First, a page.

President Bush met with Russian President Vladimir Putin on Friday, intending to register alarm about a new Kremlin campaign to tighten control over Russian democracy, U.S. officials said.

The session between the leaders, on the sidelines of an Asian economic summit that opens here Friday, was scheduled as Russia moved to shut down foreign-funded human rights groups and research organizations and to impose tight regulations on domestic nongovernmental organizations.

The matter would once again put Bush and Putin at odds over the course of Russia's fragile civil society at a time when Bush has vowed to promote freedom and democracy around the world. Putin's campaign to consolidate power at home has frequently shadowed his meetings with Bush. At the same time, Bush has tried to preserve his friendship with Putin, cemented in the aftermath of the Sept. 11, 2001, attacks.

Legislation endorsed by Putin's cabinet and co-sponsored by his political party would bar foreign nongovernmental organizations, or NGOs, from operating offices in Russia and require all 450,000 of them to re-register with the state to ensure that they do not engage in foreign-funded political activity. Putin's government has taken over independent television, eliminated election of governors, driven pro-Western parties out of parliament and prosecuted business magnates who challenged his administration.

The legislation's sponsors in the State Duma, or lower house of parliament, characterize internationally financed NGOs as a "fifth column" doing the bidding of foreigners in Russia, evidently concerned that they could provide sustenance for an opposition movement much like those that launched revolutions in neighboring Georgia and Ukraine.

Among the foreign groups that could be shut down if the legislation is enacted are the Carnegie Moscow Center, the most prominent research organization in Russia; Human Rights Watch, which has criticized government brutality in Chechnya; and the Ford Foundation, which finances projects intended to build a civil society and fight AIDS.

"We have some pretty serious concerns about it, both the legislation itself and how it would be implemented," a Bush administration official said on condition of anonymity because he was not authorized to speak to the news media. If Bush does bring it up, the official said, the message would be that "there's nothing to fear about foreign NGOs."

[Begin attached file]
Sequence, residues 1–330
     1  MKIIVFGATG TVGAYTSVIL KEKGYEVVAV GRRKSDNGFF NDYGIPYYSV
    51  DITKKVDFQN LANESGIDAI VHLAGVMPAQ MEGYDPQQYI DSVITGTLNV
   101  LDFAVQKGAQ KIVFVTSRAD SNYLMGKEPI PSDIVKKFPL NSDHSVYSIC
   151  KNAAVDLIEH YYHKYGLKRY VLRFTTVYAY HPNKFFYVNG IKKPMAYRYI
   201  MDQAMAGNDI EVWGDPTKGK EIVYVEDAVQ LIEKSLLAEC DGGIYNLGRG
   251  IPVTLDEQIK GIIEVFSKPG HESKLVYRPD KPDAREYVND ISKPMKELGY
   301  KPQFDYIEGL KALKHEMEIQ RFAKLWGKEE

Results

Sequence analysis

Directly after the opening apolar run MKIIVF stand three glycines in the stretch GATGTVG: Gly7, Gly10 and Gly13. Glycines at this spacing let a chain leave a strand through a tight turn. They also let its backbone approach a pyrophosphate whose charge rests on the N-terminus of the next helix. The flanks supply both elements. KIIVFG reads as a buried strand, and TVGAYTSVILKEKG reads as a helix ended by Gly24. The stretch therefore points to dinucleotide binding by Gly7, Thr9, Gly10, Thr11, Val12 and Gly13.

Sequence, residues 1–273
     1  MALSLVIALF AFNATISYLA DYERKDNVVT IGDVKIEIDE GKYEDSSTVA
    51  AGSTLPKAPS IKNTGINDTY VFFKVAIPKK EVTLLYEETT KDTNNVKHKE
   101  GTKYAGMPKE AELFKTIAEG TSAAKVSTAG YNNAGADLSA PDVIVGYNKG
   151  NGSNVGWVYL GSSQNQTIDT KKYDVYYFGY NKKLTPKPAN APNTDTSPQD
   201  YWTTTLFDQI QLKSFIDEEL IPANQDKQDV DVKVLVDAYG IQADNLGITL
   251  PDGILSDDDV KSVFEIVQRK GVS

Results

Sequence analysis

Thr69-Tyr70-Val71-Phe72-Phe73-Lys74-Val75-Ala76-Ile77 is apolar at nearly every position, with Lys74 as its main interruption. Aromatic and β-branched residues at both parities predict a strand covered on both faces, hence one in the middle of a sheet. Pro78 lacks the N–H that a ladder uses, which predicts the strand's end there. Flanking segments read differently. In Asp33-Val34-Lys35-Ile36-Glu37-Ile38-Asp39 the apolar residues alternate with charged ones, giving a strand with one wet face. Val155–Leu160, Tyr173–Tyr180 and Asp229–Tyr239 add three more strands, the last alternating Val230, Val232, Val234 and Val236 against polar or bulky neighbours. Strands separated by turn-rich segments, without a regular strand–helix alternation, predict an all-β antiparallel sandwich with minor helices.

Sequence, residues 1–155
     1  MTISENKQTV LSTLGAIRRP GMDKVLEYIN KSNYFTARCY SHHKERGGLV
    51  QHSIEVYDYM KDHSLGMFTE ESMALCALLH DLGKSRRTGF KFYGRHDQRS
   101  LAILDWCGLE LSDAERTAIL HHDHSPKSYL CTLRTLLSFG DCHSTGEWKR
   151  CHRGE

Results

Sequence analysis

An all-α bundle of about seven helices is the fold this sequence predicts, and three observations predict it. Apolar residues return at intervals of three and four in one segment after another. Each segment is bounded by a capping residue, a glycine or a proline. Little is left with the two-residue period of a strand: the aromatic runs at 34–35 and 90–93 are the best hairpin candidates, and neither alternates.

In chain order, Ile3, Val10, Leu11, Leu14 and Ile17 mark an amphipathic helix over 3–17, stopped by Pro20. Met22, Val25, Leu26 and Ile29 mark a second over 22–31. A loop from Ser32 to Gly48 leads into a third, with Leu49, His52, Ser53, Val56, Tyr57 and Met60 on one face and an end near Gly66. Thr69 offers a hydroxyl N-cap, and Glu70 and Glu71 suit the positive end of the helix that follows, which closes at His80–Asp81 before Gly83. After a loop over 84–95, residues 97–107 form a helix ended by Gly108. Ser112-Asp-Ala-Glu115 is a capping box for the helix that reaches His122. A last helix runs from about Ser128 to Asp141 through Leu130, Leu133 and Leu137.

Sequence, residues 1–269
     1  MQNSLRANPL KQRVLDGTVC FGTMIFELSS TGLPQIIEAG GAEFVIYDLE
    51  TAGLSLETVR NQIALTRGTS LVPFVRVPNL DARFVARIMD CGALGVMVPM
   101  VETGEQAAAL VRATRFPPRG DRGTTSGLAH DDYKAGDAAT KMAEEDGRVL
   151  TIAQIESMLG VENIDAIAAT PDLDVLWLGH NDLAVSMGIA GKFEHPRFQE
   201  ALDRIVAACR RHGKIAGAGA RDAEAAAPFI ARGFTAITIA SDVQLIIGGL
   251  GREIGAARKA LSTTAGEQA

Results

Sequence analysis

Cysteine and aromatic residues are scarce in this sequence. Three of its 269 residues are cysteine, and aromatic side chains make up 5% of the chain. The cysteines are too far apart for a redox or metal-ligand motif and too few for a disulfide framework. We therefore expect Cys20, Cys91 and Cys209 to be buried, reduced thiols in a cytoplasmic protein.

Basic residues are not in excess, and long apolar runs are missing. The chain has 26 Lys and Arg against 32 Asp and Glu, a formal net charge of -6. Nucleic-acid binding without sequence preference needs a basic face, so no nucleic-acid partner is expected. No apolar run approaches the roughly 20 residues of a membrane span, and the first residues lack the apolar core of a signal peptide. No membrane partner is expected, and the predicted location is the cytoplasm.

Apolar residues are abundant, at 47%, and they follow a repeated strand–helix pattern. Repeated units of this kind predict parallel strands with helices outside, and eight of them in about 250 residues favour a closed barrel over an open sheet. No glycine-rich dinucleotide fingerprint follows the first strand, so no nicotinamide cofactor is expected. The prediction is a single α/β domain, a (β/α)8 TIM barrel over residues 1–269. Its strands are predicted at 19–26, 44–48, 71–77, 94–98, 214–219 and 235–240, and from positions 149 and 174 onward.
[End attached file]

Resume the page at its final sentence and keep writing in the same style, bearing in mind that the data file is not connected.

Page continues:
Secretary of State Condoleezza Rice raised the issue with Russian Foreign Minister Sergei Lavrov when they met here Wednesday, according to another U.S. official. In his fifth meeting of the year with Putin, Bush planned to discuss it along with a variety of other issues on the U.S.-Russian agenda, including what to do about nuclear programs in Iran and North Korea, their shared fight against terrorism and Russia's aspiration to join the World Trade Organization.

Bush has come under pressure at home to address the NGO matter with Putin. Two former vice presidential candidates, Republican Jack Kemp and Democrat John Edwards, sent a letter to the president calling the Kremlin move "a disturbing new challenge" to private nonprofit groups in Russia that draw support from the United States.

"The impact of this measure, if it became law, should be obvious: it would roll back pluralism in Russia and curtail contact between our societies," wrote Kemp and Edwards, who serve as co-chairmen of a Council on Foreign Relations task force on Russia. "It would mark a complete breach of the commitment to strengthen such contact that President Putin made when you and he met in Bratislava," the capital of Slovakia, in February.

Kemp and Edwards noted that Russia will host the Group of Eight major nations next year and said that the NGO crackdown "raises an almost unthinkable prospect -- that the president of Russia might serve as chairman of the G-8 at the same time that laws come into force in his country to choke off contacts with global society."

Sarah Mendelson, a Russia scholar at the Center for Strategic and International Studies based in Washington, said Bush and other G-8 leaders should raise the issue with Putin. "The representatives of these countries in Moscow ought to deliver letters to the Duma and the presidential administration saying how outside the norms of the G-8 this sort of thing is," she said.

The meeting with Putin highlights a day of summitry in this gritty port city as the leaders of 21 countries gather to open the annual conference of the Asia-Pacific Economic Cooperation forum, or APEC.

Bush hopes to use the summit to kick-start troubled global trade talks and secure a regional agreement to combat a possible avian flu pandemic. Anti-globalization activists vowed to gather tens of thousands of protesters in the streets to demonstrate against Bush and the trade organization.

Bush met with Malaysian Prime Minister Abdullah Ahmad Badawi on Thursday and planned to get together separately with Indonesian President Susilo Bambang Yudhoyono on Saturday. After the summit, Bush is scheduled to fly to Beijing to meet with China's president, Hu Jintao, on Sunday, then plans to stop in Mongolia on Monday en route home.